It's close enough to theft for practical purposes.

        Well, aren't you just the lawyerly one -- "close enough for practical purposes", shit. Listen up, asshole, this is law, not woodshop.

        Theft and copyright infringement are two distinct offenses. Only one is written in the charges. Which one do you think that would be?

        If I slap you in the face (get your ass over here!!!), no one is going to go into court charging me wth attempted murder -- the charge will read "battery", no matter how loud you bleat to the con

      • Re: (Score:2, Insightful)

        by rohan972 (880586)
        In short, the work hasn't been stolen but the money that would be paid for copies of that work has, and that is theft.

        No, the money hasn't been stolen. You can't show a change to your account as a result of copyright infringement. If you can't show a reduction of inventory or a change in account balances, how can there have been theft?

        If something has been stolen from you, you can tell by looking at your stuff, counting it, and itemising the things missing. With copyright infringement you can't do thi
        • Okay. You know there has been copyright infringement of work you own the copyright to. Your bank account has not changed because of this infringement. But your biz is to sell copies of that copyrighted material; therefore, if there had been no infringement, there probably would have been a change to that bank account--namely, more money rolling in from the copies that would've been bought and not, um, copied.
          The big problem, if you are someone who believes in fighting copyright infringement, is that yo
          • by rohan972 (880586)
            The big problem, if you are someone who believes in fighting copyright infringement, is that you can't prove the bank account should have changed.

            No, that's the big problem for people who want to convince everyone that copyright infringement is theft. For people who want to "fight" copyright infringement (perhaps you mean "enforce copyright law") the problem is to prove that there have been copies made illegally. You do not have to prove financial damage to prove copyright infringement. The real challeng
      • by asuffield (111848)

        It's close enough to theft for practical purposes. The essence of theft is depriving the legal owner of the benefits of possessing the item.

        Which is why "property is theft" - any private property is depriving all other people of the benefits of the item in question. This is particularly true for items with a near-zero cost of reproduction. "Intellectual property" is stealing from the public.

        The essential thing about this concept is not its objective validity, but that it is equally as valid as the RIAA's po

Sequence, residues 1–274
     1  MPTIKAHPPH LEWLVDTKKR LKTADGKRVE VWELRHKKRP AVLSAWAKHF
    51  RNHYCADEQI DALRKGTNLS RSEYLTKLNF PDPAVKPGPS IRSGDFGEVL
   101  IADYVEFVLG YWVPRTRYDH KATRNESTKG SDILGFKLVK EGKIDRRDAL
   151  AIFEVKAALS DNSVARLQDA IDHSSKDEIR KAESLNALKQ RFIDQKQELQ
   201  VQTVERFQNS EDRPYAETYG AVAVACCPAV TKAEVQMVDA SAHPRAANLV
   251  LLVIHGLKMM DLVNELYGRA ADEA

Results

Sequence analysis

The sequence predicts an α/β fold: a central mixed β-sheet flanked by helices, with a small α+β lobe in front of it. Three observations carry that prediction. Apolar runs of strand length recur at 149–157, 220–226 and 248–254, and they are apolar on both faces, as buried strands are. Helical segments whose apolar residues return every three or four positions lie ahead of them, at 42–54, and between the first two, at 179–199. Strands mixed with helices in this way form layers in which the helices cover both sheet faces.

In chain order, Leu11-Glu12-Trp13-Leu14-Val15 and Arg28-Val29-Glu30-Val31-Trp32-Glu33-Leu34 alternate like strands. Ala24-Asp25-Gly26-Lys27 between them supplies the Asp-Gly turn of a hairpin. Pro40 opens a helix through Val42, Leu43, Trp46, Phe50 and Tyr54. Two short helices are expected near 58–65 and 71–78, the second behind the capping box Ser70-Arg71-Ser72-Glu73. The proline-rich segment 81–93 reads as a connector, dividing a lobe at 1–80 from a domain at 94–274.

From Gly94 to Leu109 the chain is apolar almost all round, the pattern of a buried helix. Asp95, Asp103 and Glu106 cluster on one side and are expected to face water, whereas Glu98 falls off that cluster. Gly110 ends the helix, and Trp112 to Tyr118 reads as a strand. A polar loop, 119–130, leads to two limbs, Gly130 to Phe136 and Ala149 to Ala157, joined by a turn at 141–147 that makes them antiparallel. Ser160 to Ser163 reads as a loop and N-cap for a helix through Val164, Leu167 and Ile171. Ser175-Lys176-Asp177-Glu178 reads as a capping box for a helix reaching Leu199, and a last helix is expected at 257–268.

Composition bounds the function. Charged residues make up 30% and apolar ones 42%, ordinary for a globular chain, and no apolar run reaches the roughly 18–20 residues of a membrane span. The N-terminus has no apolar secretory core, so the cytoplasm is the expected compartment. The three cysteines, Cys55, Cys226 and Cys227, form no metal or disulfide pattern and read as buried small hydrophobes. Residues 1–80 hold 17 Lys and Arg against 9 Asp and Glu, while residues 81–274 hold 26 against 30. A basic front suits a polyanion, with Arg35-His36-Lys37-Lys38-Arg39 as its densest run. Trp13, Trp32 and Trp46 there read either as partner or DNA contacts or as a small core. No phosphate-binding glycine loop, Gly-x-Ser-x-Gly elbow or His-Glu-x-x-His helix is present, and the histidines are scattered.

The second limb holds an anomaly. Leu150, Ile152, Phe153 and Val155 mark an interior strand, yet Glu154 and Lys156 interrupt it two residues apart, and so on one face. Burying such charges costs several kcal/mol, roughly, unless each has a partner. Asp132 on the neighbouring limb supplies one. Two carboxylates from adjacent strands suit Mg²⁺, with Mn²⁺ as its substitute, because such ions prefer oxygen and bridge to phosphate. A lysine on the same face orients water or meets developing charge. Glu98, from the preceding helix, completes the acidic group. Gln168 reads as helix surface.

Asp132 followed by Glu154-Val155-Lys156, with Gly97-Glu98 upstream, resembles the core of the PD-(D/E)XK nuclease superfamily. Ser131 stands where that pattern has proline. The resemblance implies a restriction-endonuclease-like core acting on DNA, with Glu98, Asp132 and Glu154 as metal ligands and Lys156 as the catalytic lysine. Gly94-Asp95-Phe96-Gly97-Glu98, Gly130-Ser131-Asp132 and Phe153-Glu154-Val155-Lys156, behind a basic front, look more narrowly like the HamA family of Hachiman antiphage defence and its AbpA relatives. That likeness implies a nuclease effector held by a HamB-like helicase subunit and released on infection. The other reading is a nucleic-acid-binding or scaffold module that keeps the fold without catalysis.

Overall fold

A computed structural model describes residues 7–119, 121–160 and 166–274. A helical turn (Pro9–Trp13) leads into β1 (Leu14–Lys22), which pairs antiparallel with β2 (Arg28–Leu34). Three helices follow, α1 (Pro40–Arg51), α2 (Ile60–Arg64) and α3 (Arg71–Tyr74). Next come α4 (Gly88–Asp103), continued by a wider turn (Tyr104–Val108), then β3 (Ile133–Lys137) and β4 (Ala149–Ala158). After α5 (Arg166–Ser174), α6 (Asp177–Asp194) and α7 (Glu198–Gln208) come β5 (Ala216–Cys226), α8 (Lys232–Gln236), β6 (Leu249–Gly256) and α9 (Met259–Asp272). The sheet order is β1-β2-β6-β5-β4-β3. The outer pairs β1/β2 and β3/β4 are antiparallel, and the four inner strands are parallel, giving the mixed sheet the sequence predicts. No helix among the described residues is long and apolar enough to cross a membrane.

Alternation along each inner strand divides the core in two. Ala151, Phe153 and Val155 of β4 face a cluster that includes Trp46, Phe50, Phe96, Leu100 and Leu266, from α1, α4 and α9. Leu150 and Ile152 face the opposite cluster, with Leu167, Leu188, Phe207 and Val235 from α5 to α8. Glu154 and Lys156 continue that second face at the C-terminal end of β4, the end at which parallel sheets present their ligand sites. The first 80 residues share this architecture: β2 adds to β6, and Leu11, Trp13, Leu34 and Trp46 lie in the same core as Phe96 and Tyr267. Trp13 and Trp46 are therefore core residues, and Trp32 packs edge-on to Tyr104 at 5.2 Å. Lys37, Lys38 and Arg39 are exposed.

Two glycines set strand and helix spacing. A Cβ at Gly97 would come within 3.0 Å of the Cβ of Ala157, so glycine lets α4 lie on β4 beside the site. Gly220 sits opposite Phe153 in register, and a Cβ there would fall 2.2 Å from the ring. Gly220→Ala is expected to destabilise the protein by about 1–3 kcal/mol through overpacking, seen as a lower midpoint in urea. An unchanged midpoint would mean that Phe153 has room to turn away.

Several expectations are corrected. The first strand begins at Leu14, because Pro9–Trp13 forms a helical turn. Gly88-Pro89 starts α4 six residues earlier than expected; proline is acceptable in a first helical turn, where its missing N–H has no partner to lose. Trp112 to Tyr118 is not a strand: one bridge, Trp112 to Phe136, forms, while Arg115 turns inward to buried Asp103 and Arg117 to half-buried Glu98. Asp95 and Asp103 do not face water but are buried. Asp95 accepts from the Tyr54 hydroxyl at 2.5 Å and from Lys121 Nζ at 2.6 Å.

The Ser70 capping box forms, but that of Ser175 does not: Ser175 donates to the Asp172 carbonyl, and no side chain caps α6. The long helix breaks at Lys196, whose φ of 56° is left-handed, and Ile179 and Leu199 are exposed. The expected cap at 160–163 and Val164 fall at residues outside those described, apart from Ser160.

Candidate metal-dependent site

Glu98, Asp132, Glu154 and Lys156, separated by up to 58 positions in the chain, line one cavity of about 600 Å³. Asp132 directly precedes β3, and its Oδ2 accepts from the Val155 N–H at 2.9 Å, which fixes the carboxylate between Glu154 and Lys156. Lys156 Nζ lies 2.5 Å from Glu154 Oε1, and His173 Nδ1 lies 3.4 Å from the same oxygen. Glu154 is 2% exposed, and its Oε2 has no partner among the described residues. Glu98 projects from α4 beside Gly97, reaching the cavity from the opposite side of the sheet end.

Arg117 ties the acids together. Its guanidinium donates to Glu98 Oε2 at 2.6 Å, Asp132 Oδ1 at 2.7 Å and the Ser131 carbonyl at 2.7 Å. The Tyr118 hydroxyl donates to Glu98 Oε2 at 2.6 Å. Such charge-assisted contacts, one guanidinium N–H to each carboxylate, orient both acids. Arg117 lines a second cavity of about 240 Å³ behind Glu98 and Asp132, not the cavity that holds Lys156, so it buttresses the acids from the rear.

• by Todd Knarr (15451)

          I'd say "Wrong.". Your position assumes that J. Random Individual has a right to ownership of that item in the first place. That isn't the case. They have rights to specific items, but not to any arbitrary item in general. I don't happen to agree that, just because I worked to obtain or discover something, every other person in the world who didn't suddenly gets an ownership right to it.

          • by asuffield (111848)

            I don't happen to agree that, just because I worked to obtain or discover something, every other person in the world who didn't suddenly gets an ownership right to it.

            So you deny both positions - that the RIAA is entitled to some 'ownership' rights over things obtained or discovered by other people, and that other random individuals are entitled to them. That is consistent with what I said.

            Either both the RIAA and their targets are morally reprehensible, or neither is. That's the whole point. It doesn't mat

        • Any property at all may be theft?
          Just out of curiosity, who owns your computer?
    • The Riaa still has the original copies...

      But it's NOT theft
      Some day in the hopefully-non-fictional future, people that start the annoying "it isn't theft if the other person still has their copy" debate will remember that they're wrong [wikipedia.org].
      • I don't get your point. Services are finite. When one uses services illegally, the supplier loses the cost of supplying said service, as well as the opportunity to sell the same service to another.

        I don't see what this has to do with copying cds.
  • She and her lawyer, Jordan Glass, have signed and submitted a stipulation to dismiss with prejudice the case lodged against her by the RIAA

    This means that her lawyer filed a motion to dismiss, which is a common practice. Federal judges often issue threats of sorts at parties which are dragging at the process, often ones for dismissal or default, which they are legally allowed to apply at their discretion in situations like this. So at minimum, the judge now has to decide whether to dismiss, the timetab
  • Are absolutely ridiculous.

    Fine them the cost of the product if the individual keeps the item.

    How could you sue someone that exaggerated amount? The legal system has been blinded by the Riaa.